In the context of biology, needing energy means more than trying to stay awake after a long day. Each cell in the body requires energy to preform its functions. In the body, the energy is found in a molecule called adenosine triphosphate, or ATP. This molecule is obtained by breaking down nutrients, such as glucose, through cellular respiration. This process has three main steps that begin with glycolysis.
Glycolysis Begins Cellular Respiration
Glycolysis is the first step of the cellular respiration process. The reaction to break down a single glucose molecule has about 10 steps. The molecule is considered a simple sugar and is made up of carbon, hydrogen and oxygen atoms. Through a series of complex reactions, glucose is broken down and transformed into the energy-containing molecule ATP, the enzyme NADH and the biochemical pyruvate.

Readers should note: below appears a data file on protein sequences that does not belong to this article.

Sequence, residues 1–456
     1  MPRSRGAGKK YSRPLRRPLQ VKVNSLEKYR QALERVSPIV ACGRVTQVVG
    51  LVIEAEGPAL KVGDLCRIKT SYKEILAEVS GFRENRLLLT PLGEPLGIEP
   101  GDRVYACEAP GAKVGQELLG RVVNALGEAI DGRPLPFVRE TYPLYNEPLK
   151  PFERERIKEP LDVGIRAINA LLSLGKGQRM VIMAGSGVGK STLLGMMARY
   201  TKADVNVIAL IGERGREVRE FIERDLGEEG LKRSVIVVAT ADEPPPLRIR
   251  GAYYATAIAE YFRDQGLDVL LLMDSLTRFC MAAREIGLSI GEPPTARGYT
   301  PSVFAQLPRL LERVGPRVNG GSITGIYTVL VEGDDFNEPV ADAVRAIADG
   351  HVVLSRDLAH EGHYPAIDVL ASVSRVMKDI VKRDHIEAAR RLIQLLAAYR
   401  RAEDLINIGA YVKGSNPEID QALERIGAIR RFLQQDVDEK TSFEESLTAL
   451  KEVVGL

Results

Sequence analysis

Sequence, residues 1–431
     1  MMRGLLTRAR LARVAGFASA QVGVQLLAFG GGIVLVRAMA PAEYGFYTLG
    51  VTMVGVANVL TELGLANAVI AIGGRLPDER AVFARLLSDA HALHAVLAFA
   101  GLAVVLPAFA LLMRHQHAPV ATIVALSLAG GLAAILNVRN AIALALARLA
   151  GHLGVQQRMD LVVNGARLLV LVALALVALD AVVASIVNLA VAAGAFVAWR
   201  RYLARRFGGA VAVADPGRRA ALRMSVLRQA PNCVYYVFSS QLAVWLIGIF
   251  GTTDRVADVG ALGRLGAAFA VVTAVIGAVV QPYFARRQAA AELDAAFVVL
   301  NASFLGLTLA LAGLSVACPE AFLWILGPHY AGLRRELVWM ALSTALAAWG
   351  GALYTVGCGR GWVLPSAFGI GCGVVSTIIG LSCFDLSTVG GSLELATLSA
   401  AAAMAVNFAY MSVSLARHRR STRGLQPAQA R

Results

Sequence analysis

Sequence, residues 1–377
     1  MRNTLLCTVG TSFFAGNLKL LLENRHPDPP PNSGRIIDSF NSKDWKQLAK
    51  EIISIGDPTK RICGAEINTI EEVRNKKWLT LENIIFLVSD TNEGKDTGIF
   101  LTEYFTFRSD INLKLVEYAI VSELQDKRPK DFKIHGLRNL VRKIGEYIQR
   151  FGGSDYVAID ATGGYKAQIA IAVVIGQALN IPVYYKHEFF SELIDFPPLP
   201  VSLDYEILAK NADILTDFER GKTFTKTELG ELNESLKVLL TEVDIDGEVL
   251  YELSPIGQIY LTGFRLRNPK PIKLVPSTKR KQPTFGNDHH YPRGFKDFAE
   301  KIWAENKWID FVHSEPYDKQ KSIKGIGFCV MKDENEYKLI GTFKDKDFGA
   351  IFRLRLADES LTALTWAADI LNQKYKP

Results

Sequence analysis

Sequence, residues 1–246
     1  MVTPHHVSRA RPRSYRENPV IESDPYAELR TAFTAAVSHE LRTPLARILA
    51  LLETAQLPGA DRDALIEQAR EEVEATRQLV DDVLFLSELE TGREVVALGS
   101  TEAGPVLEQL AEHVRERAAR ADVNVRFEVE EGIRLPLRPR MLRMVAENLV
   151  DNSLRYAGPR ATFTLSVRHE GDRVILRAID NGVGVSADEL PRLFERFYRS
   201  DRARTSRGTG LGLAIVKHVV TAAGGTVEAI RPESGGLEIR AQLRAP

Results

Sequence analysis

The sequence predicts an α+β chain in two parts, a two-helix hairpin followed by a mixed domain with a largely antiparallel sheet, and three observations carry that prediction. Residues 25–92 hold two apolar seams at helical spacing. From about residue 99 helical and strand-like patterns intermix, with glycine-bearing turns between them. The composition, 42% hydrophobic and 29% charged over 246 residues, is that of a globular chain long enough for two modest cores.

A total of four ATP, two NADH and two pyruvate are produced through glycolysis. However, during the reaction series two ATP molecules are used, making the net yield only two ATP. At this point, the glucose molecule is completely broken down and the session of glycolysis ends. The pyruvate molecules move on to the next steps of cellular respiration, while a new glycolysis cycle begins elsewhere in the cell.
Pathway to Aerobic Respiration
When oxygen is present, the pyruvate molecules will follow the pathway of aerobic respiration. Through yet another series of complex chemical reactions, the pyruvates are oxidized to form acetyl coenzyme A. The acetyl coenzyme A moves to the inner part of a cell's mitochondria. Here the citric acid cycle begins and produces two additional ATP and binds hydrogen atoms to the NADH molecules. The addition of the hydrogen atoms establishes a gradient and provides energy to the electron transport chain. Through electron transport, 32 ATP are produced.
Pathway to Anaerobic Respiration
If no oxygen is available, cellular respiration occurs via the anaerobic pathway. Through this route, pyruvate cannot be oxidized to form acetyl coenzyme A. Instead the pyruvate undergoes a series of reactions to yield ethanol or lactate and NAD+. The NAD+ is needed to start the glycolysis process again. At the end of the anaerobic cycle, the yield is only two ATP. The ethanol or lactate left behind is considered waste to the cell and if not removed will kill the cell.